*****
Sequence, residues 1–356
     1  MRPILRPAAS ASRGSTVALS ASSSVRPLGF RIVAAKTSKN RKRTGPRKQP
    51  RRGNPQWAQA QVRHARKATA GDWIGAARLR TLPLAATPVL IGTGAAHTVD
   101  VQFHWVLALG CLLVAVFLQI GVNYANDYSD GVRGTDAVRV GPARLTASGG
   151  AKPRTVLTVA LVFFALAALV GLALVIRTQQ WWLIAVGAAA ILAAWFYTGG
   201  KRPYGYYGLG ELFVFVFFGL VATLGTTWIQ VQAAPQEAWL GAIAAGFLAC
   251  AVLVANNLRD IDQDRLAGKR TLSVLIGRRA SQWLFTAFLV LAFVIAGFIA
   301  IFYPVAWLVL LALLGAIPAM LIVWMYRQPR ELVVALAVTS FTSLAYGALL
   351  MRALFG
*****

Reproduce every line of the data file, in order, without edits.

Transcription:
Sequence, residues 1–356
     1  MRPILRPAAS ASRGSTVALS ASSSVRPLGF RIVAAKTSKN RKRTGPRKQP
    51  RRGNPQWAQA QVRHARKATA GDWIGAARLR TLPLAATPVL IGTGAAHTVD
   101  VQFHWVLALG CLLVAVFLQI GVNYANDYSD GVRGTDAVRV GPARLTASGG
   151  AKPRTVLTVA LVFFALAALV GLALVIRTQQ WWLIAVGAAA ILAAWFYTGG
   201  KRPYGYYGLG ELFVFVFFGL VATLGTTWIQ VQAAPQEAWL GAIAAGFLAC
   251  AVLVANNLRD IDQDRLAGKR TLSVLIGRRA SQWLFTAFLV LAFVIAGFIA
   301  IFYPVAWLVL LALLGAIPAM LIVWMYRQPR ELVVALAVTS FTSLAYGALL
   351  MRALFG